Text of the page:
The Brazilian favelas are considered to be the areas with affordable housing.
Rio de Janeiro is known for its favelas, which are informal settlements or shantytowns that are often found on the hillsides surrounding the city. These favelas are home to a significant portion of Rio’s population, with estimates ranging from 20% to 25% of the city’s residents.
Historically, these are the neighborhoods where low-income citizens were cast aside by the government, but in recent years new favelas started appearing, and many people living there chose to reinforce and modernize their homes instead of relocating, even if they could afford to do so if they chose.
The portrayal of favelas in popular media and movies has sometimes perpetuated stereotypes and stigmatization, overshadowing the diverse and complex realities of these communities. Efforts have been made to challenge these stereotypes and promote a more nuanced understanding of favelas, highlighting their cultural richness and the resilience of their residents.
It’s worth mentioning that while the above information reflects the general characteristics of favelas in Rio de Janeiro, each favela is unique, and conditions can vary widely from one community to another.
Are favelas safe for tourists?
While some favelas have seen improvements in security and infrastructure, others may still face challenges related to crime and safety. It is recommended to visit the favelas only with a local guide who knows the people around and this way he can protect you and keep you safe.
How many Brazilians are living in favelas in Rio de Janeiro?
Around 25% of the population of Rio de Janeiro live in the favelas, they work here and take pride in their community.
How many favelas are in Rio de Janeiro?
Estimates vary, but it is believed that there are between 600 and 1,000 favelas in the city.
Which is the most dangerous Rio’s favela?
Even though is not officially recognized as a neighborhood, the Vila Aliança in Rio is probably the most dangerous one. One of the centers of the notorious drug trading business of Brazil, the region is guarded by children with rifles, and tourists almost never venture here. These underage soldiers often want to leave the drug trade, as many of them die before they reach the age of 21.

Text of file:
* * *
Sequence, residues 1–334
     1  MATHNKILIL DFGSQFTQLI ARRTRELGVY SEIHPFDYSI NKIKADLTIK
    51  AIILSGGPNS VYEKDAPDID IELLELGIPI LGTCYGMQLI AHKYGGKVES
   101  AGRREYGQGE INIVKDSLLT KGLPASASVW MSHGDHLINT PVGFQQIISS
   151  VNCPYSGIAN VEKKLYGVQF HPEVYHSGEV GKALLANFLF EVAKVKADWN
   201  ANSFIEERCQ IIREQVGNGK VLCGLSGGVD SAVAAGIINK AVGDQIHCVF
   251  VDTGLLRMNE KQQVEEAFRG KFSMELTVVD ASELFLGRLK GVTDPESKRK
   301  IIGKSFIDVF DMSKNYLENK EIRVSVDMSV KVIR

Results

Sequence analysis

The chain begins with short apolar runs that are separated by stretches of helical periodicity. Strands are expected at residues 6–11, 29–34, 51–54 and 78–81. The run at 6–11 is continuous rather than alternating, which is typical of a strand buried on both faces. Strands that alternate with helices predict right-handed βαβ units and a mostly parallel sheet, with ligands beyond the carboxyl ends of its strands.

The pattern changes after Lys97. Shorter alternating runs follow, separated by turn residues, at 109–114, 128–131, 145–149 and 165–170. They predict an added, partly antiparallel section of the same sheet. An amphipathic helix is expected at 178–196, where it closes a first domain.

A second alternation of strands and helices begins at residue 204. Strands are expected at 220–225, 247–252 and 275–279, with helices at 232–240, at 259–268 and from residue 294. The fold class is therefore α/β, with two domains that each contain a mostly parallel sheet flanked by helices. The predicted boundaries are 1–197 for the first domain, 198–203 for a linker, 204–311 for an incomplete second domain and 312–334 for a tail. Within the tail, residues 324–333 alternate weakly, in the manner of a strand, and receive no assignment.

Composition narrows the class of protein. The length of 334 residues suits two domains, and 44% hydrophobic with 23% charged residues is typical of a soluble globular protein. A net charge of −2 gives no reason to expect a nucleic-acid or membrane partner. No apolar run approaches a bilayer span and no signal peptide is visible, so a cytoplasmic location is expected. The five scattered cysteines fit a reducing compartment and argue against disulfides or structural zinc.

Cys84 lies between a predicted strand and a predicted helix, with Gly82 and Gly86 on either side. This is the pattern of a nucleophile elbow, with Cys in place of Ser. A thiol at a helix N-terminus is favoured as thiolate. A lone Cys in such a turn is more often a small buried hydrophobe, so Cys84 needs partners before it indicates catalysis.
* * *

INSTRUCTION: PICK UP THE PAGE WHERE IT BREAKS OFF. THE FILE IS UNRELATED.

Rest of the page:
Even though the government started programs to reeducate the youth and help them aim for a better life, the years of neglect have done enough damage to make it almost impossible. Grenades, guns, and poverty are the elements that characterize this region.
How old is the Vila Cruzeiro favela?
This favela in Rio de Janeiro has been around for about 50 years and even though it’s on the path to changing the way it’s perceived, the violence here still puts it high up on the list of the most dangerous favelas in Rio. At the beginning of 2020, the police seized over 450 lbs of drugs. Gunshots, burning cars, and police helicopters were part of the dreadful scene. In November the favela was shaken again by the confrontations between the military and the drug cartel, leaving a few people dead or wounded. Tourists are advised to avoid this area at all costs.
Even if the favela is a center of drug activity, some organizations have tried to bring a ray of sunshine here. Art is a big deal for the youth of Vila Cruzeiro, which can be seen in the beautiful and unique street art on walls and houses, encouraged by the associations helping them.
Complexo do Alemão
This is a complex of multiple favelas which has been in the attention of the police for many years. There have been dozens of deaths on both sides. Gangs and drug dealers control the favelas in the complex, and a few times the military was forced to intervene with tanks and military equipment. Thousands of pounds of drugs have been seized here in recent years and the police are strongly advising visitors to avoid this region.
Other favelas that should be avoided because of shootings
- Cidade de Deus
- Vila Kennedy
Which is the largest favela in Rio?
The largest favela in Rio de Janeiro is called Rocinha. Located in the southern part of the city, between the districts of São Conrado and Gávea, Rocinha is estimated to be home to a population of around 70,000 to 100,000 people, although precise figures are challenging to obtain due to the informal nature of the settlement.
All these pose a threat to visitors, first, because people here don’t trust outsiders. Anyone could be suspected of working for the police. Second, visitors could end up trapped in gunfights. There have been cases of tourists who lost their lives by venturing into a favela with a bad reputation.
Tip: If you’re planning to visit Rio de Janeiro make an itinerary with the places you want to visit, and if you do want to visit the safe favelas, it’s best to do it with a guide or join a tour.